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Memories are made of these: Part 3


My Coal Iron


At the age of nine, I left home for boarding school. Everything I took with me was brand new, including a sparkling coal iron. Although the dormitory had power, there weren’t enough electricity sockets to meet students’ needs. So, electric irons and in fact anything electric were banned. The coal iron was a most interesting metal contraption, with a hidden aperture designed to hold a fistful of black coal beneath the hinged lid. My iron’s sparkle didn’t last long. The dormitory matron said we could only store irons in the school shed, a wooden shack with no doors or windows, which left them open to the elements and rust.


To get a coal iron going was a complicated affair. After filling the receptacle halfway with coal, you added newspapers and then topped it up with more coal. Once lit, you wanted the newspapers to burn with enough intensity to heat the coal until it glowed. Sometimes you helped the process along by fanning the coal. It took quite a while and vigilant fanning, for the iron plate to heat evenly and that was the easy part. It required diligence to keep your freshly laundered uniforms pristine as you ironed. If you weren't

careful, little bits of soot would fall out of the air holes at the sides of the base and soil your laundry.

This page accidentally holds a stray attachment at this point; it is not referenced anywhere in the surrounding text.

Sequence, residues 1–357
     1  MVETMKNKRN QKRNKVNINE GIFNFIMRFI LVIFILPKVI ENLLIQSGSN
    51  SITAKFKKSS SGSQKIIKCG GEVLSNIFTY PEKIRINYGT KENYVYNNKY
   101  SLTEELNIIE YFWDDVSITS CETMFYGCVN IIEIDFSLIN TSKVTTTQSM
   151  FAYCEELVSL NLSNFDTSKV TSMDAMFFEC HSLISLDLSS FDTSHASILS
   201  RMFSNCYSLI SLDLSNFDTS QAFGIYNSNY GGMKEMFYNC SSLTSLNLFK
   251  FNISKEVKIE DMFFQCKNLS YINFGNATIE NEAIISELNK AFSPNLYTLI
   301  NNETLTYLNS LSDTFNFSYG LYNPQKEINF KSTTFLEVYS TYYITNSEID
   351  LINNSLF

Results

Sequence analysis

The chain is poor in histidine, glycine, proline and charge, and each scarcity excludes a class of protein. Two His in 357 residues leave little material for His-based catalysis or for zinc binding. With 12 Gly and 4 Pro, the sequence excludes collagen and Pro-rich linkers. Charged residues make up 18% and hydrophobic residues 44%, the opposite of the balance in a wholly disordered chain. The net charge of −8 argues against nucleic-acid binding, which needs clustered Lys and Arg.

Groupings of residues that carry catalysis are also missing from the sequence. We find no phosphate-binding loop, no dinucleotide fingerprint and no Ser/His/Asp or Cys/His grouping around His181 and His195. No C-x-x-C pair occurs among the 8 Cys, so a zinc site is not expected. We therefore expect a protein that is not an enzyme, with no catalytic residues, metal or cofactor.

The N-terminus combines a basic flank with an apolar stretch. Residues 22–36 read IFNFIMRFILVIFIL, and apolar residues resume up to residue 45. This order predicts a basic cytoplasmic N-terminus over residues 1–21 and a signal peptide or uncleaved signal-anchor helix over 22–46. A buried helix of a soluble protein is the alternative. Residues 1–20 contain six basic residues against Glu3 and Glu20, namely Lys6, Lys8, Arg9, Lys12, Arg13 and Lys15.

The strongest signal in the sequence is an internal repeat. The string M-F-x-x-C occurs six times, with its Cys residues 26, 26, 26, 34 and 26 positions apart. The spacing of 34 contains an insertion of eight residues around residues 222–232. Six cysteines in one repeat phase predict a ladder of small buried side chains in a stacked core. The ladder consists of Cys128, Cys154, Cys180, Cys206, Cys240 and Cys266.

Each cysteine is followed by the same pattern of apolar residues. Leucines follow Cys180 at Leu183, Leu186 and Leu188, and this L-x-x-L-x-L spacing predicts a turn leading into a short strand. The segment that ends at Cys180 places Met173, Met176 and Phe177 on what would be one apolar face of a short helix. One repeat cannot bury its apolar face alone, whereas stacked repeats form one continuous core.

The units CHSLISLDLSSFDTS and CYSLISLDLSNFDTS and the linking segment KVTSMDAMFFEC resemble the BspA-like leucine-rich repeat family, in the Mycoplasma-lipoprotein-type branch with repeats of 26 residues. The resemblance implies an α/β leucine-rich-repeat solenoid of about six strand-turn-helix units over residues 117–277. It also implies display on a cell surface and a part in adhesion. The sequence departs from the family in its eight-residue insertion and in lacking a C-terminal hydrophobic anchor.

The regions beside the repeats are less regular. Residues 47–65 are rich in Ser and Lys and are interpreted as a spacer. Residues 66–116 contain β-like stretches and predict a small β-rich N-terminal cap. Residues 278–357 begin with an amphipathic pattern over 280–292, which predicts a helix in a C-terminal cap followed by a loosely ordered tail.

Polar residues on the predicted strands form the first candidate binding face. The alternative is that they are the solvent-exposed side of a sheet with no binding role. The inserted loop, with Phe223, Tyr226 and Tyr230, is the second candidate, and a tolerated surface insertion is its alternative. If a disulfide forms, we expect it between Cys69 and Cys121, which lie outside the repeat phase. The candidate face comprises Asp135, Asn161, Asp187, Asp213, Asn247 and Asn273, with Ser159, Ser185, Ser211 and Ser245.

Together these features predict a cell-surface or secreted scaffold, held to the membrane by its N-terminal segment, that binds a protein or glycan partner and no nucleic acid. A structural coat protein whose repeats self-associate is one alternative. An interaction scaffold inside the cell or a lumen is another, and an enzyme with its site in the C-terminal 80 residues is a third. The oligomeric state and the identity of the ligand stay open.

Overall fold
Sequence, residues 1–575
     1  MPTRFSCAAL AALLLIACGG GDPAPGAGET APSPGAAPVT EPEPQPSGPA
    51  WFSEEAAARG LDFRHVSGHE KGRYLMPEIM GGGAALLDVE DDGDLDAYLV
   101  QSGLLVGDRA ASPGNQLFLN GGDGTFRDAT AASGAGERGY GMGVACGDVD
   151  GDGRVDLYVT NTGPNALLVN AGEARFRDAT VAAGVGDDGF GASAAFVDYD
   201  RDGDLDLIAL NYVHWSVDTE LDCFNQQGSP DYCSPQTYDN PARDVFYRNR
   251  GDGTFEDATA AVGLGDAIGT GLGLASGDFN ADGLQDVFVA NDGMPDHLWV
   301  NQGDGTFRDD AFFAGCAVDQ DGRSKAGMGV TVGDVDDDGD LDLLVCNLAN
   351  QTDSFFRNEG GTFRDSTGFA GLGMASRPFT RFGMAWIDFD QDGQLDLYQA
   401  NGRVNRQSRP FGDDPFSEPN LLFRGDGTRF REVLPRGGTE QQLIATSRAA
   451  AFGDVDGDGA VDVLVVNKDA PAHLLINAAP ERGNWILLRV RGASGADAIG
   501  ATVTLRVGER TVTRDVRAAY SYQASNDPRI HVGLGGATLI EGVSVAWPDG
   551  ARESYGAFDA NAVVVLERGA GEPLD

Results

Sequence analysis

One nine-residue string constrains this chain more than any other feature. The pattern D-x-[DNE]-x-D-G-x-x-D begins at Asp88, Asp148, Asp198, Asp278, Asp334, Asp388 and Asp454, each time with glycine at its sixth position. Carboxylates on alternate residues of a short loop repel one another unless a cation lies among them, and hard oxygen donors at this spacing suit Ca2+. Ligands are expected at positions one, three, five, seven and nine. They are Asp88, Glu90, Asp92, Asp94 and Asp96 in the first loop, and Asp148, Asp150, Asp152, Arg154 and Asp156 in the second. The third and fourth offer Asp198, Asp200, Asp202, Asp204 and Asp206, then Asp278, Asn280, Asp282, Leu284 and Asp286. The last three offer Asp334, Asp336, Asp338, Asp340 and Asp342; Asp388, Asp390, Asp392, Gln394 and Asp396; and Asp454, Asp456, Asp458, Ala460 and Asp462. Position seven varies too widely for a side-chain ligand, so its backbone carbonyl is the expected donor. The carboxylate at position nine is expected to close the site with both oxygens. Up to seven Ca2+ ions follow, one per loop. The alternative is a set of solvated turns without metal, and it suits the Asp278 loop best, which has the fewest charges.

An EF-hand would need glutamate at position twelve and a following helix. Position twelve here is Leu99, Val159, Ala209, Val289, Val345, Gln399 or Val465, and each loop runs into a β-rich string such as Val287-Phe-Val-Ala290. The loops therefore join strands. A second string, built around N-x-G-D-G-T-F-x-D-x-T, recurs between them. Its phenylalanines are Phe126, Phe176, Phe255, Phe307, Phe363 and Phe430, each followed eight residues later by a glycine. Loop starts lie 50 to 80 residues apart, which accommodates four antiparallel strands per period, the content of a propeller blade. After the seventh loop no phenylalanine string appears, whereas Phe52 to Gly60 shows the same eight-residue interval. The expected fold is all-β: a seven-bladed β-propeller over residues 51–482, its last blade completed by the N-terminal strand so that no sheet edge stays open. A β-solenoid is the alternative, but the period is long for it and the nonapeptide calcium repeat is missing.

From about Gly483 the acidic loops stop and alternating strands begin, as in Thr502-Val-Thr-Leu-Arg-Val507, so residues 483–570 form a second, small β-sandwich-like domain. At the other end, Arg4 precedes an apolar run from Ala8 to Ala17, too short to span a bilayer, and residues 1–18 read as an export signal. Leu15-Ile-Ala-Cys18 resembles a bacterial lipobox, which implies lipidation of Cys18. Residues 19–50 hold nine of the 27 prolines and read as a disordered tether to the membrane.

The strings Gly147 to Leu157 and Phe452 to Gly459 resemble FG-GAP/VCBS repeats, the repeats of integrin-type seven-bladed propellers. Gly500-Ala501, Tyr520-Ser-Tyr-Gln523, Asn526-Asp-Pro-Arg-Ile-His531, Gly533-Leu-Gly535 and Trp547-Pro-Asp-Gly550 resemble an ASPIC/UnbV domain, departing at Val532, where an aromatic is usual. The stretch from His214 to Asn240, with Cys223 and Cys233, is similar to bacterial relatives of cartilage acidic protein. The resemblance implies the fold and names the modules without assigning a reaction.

But I had bigger problems than that. Before long, I lost most of my belongings, including my iron. Senior girls who conveniently left their irons at home to reduce the amount of baggage they lugged to school commandeered other girls’ irons. Although my mum had painted my initials on the wooden handle, I shared my initials with several other girls and had no way of proving which iron belonged to me. Plus, the other girls were not averse to using their physical size to assert their ownership.


I resorted to bartering with other girls so they could lend me theirs, happily trading food items, especially my jar of Marmite, since I detested the stuff. Once I ran out of things to trade, I took to pressing my uniforms by folding them carefully and placing them between my mattress and my bunk-bed’s springs. The springs left a hexagonal indentation all over my uniforms, but at least I didn’t have to worry about the kerfuffle of ironing any longer. All in all, my experiences at boarding school taught me to be resilient and innovative, skills that have stayed with me ever since.

Pop back next week for Part 4 in this series.

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